She is not going to get the nod, and she will have sold her soul for some not particularly magical beans.

* As the old saying goes, “A fish rots from the head.”

Elizabeth Has Left the Building

She has not yet made an endorsement, and she may not make one.

I cannot see her endorsing Biden, she started her activism opposing 2005 bankruptcy bill, and endorsing him before the convention would repudiate her entire political career.

I place her likelihood of endorsing Sanders at less than 25% though.

Senator Elizabeth Warren entered the 2020 race with expansive plans to use the federal government to remake American society, pressing to strip power and wealth from a moneyed class that she saw as fundamentally corrupting the country’s economic and political order.

She exited on Thursday after her avalanche of progressive policy proposals, which briefly elevated her to front-runner status last fall, failed to attract a broader political coalition in a Democratic Party increasingly, if not singularly, focused on defeating President Trump.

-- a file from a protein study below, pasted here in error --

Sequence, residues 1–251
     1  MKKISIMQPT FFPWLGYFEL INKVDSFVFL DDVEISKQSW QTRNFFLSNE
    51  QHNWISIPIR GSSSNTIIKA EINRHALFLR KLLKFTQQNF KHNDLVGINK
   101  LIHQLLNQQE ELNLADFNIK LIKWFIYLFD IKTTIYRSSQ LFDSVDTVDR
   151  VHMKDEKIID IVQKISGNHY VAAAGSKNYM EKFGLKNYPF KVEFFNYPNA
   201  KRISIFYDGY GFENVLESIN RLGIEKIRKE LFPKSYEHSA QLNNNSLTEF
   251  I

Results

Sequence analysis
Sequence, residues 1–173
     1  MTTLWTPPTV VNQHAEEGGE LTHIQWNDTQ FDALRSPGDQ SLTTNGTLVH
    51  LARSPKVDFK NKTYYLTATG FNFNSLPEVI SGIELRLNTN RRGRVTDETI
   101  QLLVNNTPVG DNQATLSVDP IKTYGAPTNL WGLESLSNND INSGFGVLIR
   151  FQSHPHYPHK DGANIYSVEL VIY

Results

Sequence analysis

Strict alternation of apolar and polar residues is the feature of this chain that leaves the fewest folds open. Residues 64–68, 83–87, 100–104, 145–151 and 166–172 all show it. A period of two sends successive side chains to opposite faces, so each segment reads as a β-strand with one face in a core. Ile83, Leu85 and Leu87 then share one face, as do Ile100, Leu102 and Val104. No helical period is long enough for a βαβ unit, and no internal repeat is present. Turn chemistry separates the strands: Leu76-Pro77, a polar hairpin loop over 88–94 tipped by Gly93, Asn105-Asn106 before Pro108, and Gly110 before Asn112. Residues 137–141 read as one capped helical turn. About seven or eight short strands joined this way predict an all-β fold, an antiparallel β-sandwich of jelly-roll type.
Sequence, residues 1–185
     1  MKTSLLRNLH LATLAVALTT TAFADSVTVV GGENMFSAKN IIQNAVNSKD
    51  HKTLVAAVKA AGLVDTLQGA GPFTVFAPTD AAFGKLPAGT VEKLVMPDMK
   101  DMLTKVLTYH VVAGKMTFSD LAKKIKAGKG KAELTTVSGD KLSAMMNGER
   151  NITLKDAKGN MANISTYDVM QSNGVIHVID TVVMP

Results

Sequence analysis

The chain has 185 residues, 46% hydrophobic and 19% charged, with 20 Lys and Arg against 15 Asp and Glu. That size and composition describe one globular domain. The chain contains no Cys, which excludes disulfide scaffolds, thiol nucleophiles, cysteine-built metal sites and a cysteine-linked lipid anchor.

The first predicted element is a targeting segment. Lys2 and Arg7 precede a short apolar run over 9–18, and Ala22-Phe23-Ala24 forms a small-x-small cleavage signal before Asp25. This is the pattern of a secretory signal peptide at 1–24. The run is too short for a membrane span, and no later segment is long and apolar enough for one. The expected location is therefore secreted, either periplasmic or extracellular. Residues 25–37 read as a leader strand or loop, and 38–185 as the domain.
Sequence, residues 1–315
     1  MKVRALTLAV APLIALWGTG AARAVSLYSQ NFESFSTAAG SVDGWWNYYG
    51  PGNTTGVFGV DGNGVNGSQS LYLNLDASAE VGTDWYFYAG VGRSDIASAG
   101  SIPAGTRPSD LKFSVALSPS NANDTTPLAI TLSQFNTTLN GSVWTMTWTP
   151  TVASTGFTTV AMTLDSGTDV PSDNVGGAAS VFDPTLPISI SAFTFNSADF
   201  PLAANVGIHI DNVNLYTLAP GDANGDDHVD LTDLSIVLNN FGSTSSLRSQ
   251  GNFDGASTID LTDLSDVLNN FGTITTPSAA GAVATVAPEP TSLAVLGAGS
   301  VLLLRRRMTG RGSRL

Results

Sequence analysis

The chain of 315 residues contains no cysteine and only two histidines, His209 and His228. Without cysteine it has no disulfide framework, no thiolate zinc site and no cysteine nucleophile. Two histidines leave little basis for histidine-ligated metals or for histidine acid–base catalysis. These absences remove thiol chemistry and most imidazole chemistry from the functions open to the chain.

Though her vision energized many liberals — the unlikely chant of “big, structural change” rang out at her rallies — it did not find a wide enough audience among the party’s working-class and diverse base. Now her potential endorsement is highly sought, and both Mr. Sanders and Mr. Biden have spoken with her in the days since Super Tuesday losses sealed her political fate, though she revealed precious little of her intentions on Thursday.

“I need some space around this,” she said.

F%$#ed Up Headline of the Day

At The Hill, they have a rather interesting headline, “Poll: Trump beats Warren, Biden in Iowa match-ups.”

It’s interesting for a number of reasons:

  • First, it’s a 51%-49% poll for both Biden and Warren trailing trump, with a 3.2% margin of error, so it’s a non story.